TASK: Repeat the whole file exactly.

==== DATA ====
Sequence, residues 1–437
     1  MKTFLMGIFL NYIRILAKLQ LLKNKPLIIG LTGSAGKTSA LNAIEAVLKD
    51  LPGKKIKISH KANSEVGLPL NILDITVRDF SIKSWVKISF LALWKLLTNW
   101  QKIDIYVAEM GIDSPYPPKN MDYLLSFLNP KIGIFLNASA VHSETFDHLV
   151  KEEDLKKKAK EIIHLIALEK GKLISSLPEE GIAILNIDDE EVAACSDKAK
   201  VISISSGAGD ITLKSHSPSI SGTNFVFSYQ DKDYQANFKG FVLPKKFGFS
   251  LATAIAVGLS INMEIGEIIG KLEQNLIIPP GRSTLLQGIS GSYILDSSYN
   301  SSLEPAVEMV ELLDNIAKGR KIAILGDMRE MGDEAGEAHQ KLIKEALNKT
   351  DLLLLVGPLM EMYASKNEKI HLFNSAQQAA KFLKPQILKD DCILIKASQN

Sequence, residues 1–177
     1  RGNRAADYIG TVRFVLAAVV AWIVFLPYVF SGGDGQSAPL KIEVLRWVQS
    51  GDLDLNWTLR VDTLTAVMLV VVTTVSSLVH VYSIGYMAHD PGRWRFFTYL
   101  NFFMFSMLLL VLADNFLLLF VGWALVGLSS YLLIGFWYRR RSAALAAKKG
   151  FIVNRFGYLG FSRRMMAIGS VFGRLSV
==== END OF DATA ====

Sequence, residues 1–437
     1  MKTFLMGIFL NYIRILAKLQ LLKNKPLIIG LTGSAGKTSA LNAIEAVLKD
    51  LPGKKIKISH KANSEVGLPL NILDITVRDF SIKSWVKISF LALWKLLTNW
   101  QKIDIYVAEM GIDSPYPPKN MDYLLSFLNP KIGIFLNASA VHSETFDHLV
   151  KEEDLKKKAK EIIHLIALEK GKLISSLPEE GIAILNIDDE EVAACSDKAK
   201  VISISSGAGD ITLKSHSPSI SGTNFVFSYQ DKDYQANFKG FVLPKKFGFS
   251  LATAIAVGLS INMEIGEIIG KLEQNLIIPP GRSTLLQGIS GSYILDSSYN
   301  SSLEPAVEMV ELLDNIAKGR KIAILGDMRE MGDEAGEAHQ KLIKEALNKT
   351  DLLLLVGPLM EMYASKNEKI HLFNSAQQAA KFLKPQILKD DCILIKASQN

Sequence, residues 1–177
     1  RGNRAADYIG TVRFVLAAVV AWIVFLPYVF SGGDGQSAPL KIEVLRWVQS
    51  GDLDLNWTLR VDTLTAVMLV VVTTVSSLVH VYSIGYMAHD PGRWRFFTYL
   101  NFFMFSMLLL VLADNFLLLF VGWALVGLSS YLLIGFWYRR RSAALAAKKG
   151  FIVNRFGYLG FSRRMMAIGS VFGRLSV